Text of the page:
Nicaraguan Government and Restrictive Abortion Laws

I recently read an article about how the Nicaraguan government is denying cancer treatment to a women because she is pregnant. This is only the latest outrage in a country that has the most restrictive abortion laws in the world. The case concerns a 27-year-old woman who has cancer that is suspected to have spread to her brain, lungs and breasts. But Nicaraguan authorities have withheld life-saving treatment from her because it could harm the fetus and violate the country’s total ban on abortion.

Nicaragua has one of the most draconian abortion laws in the world. It is one of the few countries to prohibit abortion under any circumstances. Girls and women who seek an abortion — as well as health professionals who provide health services associated with abortion — face jail.

Needless to say, these restrictions have taken their toll. According to official figures, 33 girls and women died in pregnancy in 2009; the year before, 20 died. Amnesty International believes these figures are only a minimum, as the government itself has acknowledged that the number of maternal deaths is under-recorded.

It gets worse. According to a survey of media reports between ‘05 and ‘07, 1,247 girls were reported in newspapers to have been raped or to been the victims of incest in Nicaragua. Of these crimes, 198 were reported to have resulted in pregnancy. The overwhelming majority of the girls made pregnant as a result (172 of them) were between 10 and 14 years old.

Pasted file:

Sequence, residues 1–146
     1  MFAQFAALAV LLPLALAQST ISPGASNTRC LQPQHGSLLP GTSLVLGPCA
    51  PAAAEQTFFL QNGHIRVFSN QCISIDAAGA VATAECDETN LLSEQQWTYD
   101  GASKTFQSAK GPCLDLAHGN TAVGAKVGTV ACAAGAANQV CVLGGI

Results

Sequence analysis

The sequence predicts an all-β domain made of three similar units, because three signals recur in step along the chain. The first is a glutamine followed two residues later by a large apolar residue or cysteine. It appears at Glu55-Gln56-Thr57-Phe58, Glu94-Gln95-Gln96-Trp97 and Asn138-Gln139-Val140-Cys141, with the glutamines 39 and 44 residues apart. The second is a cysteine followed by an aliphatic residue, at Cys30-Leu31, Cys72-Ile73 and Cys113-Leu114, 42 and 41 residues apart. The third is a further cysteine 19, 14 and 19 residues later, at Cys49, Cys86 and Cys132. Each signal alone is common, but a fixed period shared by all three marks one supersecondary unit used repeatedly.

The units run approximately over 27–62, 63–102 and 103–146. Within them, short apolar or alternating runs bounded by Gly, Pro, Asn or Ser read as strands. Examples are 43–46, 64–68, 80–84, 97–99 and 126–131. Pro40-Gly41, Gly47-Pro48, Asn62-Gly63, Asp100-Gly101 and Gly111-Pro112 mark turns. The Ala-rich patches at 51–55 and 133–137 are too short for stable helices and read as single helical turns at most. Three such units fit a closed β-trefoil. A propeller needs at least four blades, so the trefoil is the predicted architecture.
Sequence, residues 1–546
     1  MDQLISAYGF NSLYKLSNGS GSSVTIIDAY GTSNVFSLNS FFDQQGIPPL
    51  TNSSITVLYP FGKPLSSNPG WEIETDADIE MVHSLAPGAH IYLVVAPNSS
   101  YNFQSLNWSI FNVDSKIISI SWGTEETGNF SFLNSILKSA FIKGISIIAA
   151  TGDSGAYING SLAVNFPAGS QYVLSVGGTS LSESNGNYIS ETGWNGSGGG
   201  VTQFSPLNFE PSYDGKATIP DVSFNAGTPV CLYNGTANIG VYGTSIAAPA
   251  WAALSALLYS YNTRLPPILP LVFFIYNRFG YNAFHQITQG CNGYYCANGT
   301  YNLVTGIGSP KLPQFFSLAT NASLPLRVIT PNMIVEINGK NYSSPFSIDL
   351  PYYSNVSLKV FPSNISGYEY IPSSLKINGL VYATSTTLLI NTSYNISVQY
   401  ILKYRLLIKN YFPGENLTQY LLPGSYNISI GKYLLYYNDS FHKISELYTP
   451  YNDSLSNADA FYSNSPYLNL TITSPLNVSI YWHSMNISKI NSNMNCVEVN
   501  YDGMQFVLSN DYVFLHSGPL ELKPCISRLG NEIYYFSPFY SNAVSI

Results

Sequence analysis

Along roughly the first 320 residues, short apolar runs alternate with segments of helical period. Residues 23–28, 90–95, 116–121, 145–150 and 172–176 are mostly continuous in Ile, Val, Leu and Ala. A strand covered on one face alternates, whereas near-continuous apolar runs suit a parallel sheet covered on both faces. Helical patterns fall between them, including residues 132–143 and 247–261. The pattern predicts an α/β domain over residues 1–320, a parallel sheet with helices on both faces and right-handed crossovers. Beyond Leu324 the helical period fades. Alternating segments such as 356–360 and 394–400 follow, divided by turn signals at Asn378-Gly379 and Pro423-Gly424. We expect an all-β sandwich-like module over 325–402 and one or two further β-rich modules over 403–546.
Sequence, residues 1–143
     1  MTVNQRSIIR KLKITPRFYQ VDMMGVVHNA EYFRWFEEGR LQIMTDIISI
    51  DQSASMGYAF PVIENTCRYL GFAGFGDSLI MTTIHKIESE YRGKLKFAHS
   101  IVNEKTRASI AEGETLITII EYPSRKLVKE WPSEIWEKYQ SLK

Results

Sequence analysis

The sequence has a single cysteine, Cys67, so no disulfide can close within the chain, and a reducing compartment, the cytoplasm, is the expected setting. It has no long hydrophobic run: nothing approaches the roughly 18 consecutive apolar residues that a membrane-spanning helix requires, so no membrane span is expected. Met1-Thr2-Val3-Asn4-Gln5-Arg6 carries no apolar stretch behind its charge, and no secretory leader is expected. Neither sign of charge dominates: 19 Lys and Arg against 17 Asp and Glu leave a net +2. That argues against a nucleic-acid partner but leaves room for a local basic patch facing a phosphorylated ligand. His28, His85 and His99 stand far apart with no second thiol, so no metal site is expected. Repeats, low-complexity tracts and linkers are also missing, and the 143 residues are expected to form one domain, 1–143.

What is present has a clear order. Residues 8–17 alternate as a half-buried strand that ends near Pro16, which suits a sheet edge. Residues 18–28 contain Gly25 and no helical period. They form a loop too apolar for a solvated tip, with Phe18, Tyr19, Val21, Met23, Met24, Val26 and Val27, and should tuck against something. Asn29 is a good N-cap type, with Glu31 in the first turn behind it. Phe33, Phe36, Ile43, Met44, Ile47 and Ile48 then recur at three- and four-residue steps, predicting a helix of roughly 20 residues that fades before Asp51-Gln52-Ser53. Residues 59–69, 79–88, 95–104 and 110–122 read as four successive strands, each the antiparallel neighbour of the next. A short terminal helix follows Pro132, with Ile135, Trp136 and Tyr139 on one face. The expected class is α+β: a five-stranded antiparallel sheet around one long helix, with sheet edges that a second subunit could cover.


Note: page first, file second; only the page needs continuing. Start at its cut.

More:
The Nicaraguan abortion ban isn’t only a debacle on humanitarian grounds. It’s an enormous setback for women’s rights in this small country, once at the vanguard of women’s liberation in Latin America. It’s widely understood that Daniel Ortega, the two-time president of Nicaragua who is currently in power, signed onto this abortion ban as a paean to the country’s powerful Catholic Church, which launched an aggressive campaign against abortion back in ‘06 (the law was enacted in ‘07).

This case is not only a problem within the government of Nicaragua, but also a large problem withing the Catholic church. Coming from a Catholic school, I understand that the church has a “no abortion” policy, but I do not see the logic, or morale, in sacrificing one life for another. A reformation of the church’s understanding on the matter of abortion must take place. I understand that a child is a life, but so is a mother, and surely the church should see that.

This brings up a question I have often times asked myself:

Is it right to make an attempt to save a child if it costs the mother, and perhaps even that child, life?

The answer is a resounding “no”, as far as I am concerned.

Source: fbomb

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